Wound care standardization: How it drives clinical and financial outcomes — and total value

Healthcare systems face multiple pressures: clinical pressures, economic pressures and pressures to deliver outstanding patient experiences. These pressures are all felt in areas such as infection prevention and wound care where inconsistency and lack of standardization can exacerbate an organization's clinical and financial challenges. These challenges are compounded for larger healthcare systems.

In a September Becker's Hospital Review webinar sponsored by Mölnlycke Health Care– a world-leading medical solutions company that specializes in wound care and surgical solutions — Rachel Clark, Southeast Area Sales Director  for Mölnlycke, and Elizabeth Faust CRNP, CWOCN, a certified nurse practitioner and wound care nurse at West Reading, Penn.-based Tower Health, shared insights into how standardizing wound care products and protocols can improve outcomes and the bottom line.

Four key takeaways were:

  1. Now is the time for healthcare organizations to consider wound care standardization. Clinically, variability in practice, protocols and solutions can lead to variability in outcomes and compromised care. From an economic standpoint, lack of standardization results in unpredictable costs due to inefficiencies as increased staff time is spent both in determining a care approach and learning about various products. Lack of standardization also results in higher product costs, more product waste and increased reimbursement risk.

Another trend driving the need for standardization is the investment hospitals are making in the "hospital at home" care model, which demands consistent practices, regardless of care setting.

"Standardization reduces complexity across the continuum of care," Ms. Clark said. "Wound care standardization means establishing a standard of care using evidence-based protocols and solutions to drive total value across the care continuum." One analysis found that the main reasons that organizations consider standardization are to improve outcomes (63 percent), standardize on products and care protocols (60 percent), reduce contracted prices (35 percent) and improve patient satisfaction (33 percent).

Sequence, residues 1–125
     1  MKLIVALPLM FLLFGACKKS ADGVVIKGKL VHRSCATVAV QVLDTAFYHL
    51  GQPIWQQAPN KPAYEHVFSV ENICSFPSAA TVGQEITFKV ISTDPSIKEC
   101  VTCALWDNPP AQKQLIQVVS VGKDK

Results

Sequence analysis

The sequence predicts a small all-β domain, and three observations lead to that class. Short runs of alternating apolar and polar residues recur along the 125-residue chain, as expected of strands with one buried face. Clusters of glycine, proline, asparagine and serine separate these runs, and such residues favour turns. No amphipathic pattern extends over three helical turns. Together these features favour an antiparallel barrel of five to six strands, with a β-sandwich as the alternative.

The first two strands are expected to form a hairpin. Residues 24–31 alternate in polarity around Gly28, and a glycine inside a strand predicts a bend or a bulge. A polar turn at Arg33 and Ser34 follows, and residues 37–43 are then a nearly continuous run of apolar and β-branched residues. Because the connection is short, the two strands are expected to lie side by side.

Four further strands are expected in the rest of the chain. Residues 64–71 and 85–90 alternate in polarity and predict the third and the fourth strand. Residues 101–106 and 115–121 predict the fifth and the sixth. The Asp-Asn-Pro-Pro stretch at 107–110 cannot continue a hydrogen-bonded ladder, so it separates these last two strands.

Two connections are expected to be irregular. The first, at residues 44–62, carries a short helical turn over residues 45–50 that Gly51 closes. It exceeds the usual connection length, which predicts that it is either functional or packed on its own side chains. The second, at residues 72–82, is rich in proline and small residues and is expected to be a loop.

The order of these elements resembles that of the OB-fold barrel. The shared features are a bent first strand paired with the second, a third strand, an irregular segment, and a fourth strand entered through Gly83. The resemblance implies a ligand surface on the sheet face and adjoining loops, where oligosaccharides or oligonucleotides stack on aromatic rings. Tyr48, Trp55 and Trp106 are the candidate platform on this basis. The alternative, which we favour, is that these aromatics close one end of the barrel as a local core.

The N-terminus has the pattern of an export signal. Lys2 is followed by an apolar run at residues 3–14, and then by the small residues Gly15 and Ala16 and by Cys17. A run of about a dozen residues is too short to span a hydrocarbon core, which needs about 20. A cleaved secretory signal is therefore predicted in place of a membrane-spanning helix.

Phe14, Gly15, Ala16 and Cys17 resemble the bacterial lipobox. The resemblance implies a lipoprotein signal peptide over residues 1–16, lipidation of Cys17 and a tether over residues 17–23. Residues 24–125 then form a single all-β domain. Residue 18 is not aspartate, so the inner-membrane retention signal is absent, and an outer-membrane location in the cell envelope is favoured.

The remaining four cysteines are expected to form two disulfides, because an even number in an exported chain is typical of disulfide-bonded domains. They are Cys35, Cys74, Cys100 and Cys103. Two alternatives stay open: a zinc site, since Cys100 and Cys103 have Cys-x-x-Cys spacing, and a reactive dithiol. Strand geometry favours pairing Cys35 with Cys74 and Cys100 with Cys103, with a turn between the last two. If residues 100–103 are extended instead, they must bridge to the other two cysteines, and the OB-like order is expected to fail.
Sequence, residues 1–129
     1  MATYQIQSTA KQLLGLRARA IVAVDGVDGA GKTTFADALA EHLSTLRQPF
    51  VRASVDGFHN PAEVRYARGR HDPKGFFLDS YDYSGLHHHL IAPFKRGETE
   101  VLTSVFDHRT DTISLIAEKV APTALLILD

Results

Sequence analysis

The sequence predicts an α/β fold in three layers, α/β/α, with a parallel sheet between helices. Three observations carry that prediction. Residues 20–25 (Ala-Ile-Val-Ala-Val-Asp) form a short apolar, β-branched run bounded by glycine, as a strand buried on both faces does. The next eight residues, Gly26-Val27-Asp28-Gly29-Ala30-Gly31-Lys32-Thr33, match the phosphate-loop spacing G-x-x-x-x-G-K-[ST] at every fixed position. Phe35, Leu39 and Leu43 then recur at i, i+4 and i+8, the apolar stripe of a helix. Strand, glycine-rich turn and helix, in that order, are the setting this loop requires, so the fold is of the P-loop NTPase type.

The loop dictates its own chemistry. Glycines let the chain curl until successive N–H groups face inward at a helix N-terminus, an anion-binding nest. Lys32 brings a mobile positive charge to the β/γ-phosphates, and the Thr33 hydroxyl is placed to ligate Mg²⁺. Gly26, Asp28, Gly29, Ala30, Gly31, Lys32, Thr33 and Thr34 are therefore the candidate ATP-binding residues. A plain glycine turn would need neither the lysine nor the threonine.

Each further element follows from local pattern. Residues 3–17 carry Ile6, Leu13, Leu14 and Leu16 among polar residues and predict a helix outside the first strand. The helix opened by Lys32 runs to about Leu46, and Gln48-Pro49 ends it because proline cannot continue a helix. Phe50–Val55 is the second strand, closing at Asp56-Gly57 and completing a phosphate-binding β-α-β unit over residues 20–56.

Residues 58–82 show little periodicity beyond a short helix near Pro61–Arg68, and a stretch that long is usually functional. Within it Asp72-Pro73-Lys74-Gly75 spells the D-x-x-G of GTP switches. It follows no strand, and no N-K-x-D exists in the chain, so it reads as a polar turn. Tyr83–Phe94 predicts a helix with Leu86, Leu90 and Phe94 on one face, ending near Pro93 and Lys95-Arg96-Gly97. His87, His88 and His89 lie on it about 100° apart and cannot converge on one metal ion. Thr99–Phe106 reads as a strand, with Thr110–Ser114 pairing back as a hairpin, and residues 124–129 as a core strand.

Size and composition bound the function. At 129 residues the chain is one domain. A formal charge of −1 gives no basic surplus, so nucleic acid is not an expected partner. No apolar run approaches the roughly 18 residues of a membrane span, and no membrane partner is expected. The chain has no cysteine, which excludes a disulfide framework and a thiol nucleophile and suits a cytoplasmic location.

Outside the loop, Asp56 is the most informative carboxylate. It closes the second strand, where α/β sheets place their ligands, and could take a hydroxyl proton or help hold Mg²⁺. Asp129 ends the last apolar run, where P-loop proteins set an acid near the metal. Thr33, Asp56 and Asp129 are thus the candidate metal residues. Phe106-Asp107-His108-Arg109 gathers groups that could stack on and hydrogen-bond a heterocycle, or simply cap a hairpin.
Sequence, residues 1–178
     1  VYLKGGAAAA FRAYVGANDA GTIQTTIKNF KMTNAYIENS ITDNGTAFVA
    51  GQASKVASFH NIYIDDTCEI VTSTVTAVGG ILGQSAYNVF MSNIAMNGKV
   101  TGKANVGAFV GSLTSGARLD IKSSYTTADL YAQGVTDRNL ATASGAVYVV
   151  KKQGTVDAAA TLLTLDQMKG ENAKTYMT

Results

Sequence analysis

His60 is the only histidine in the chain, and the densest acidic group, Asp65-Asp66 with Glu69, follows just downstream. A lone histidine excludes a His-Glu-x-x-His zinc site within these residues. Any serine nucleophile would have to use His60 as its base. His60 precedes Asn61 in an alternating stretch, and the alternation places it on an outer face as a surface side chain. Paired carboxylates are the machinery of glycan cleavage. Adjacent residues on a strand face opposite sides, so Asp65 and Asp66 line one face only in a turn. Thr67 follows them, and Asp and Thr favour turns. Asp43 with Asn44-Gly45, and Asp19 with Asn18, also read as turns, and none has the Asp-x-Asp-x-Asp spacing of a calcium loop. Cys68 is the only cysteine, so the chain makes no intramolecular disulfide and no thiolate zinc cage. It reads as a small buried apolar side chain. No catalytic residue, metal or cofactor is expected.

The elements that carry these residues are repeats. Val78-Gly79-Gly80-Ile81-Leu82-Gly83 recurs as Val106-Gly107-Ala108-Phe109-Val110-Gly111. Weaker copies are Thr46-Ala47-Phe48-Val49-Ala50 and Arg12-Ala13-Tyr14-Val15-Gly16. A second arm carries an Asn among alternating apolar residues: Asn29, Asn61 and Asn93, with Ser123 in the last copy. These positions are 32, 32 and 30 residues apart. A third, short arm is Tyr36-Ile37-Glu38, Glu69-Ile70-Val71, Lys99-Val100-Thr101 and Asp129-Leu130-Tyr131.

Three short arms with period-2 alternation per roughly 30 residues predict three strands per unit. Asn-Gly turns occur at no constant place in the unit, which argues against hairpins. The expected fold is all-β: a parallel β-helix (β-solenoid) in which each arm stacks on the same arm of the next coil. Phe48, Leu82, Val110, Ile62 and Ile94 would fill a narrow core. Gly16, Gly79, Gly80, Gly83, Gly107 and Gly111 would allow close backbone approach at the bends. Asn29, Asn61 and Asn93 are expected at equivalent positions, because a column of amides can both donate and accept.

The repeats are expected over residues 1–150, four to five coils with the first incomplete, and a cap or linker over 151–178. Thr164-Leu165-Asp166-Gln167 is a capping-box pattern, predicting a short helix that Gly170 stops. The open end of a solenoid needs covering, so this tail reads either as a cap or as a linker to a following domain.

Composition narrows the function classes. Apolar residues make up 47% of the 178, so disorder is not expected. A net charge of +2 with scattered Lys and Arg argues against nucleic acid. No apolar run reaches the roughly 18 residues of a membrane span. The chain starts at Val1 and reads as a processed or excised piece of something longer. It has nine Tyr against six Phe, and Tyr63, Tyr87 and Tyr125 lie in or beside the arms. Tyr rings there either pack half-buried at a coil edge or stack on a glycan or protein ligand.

1. In making standardization decisions, the key is to focus on total value. As hospitals face cost and margin pressures, a typical scenario is to seek savings on each line-item purchased. But "total value requires a shift in thinking," Ms. Clark said.

For wound care, what matters is not the per-unit price of wound care products, as wound care products make up a small percentage of the total cost of care. What matters is the total treatment cost and total cost of care. To achieve a lower overall treatment cost it may be appropriate to invest to achieve better outcomes, greater efficiencies, improved safety and enhanced patient experiences.

Ms. Clark cited an example of a facility in New York that standardized their advanced wound care portfolio. "Over a 7-month period, they had a 63 percent reduction in HAPIs, $438,000 in savings through treatment costs avoided and an ROI of 132 percent."

  1. In large health systems, the need for standardization is even more important. Tower Health in eastern Pennsylvania is a major system that cares for 2.5 million patients through five acute-care hospitals and two wound care centers. Tower Health sought to standardize wound care to ensure consistency and remove variability across facilities and home-care environments.

Tower Health has partnered with Mölnlycke on a standardization action plan. This project team has involved all key clinical and supply chain personnel in a collaborative process. Results to date include a reduction in wound care SKUs from 134 to 72, a reduction in vendors from 14 to 9, focused training, streamlined supply rooms and simplification for clinicians. "Even small changes have a large impact," Ms. Faust said. "That's important because any inefficiency is multiplied for a larger health system."

  1. When standardizing wound care, choose a strong partner. Mölnlycke helped focus Tower Health's wound care portfolio to a comprehensive list that clinicians trust and that meets the vast majority of needs. Standardizing also gave Tower Health the clinical and financial evidence it needed to gain buy-in. "In the end, a standardization project will save you time and money and allow your patients to have the best products available," Ms. Faust said.

The time for wound care standardization is now, given the clinical and financial environment that health systems face today. Choosing a strategic partner like Mölnlycke can help drive total value and better outcomes.

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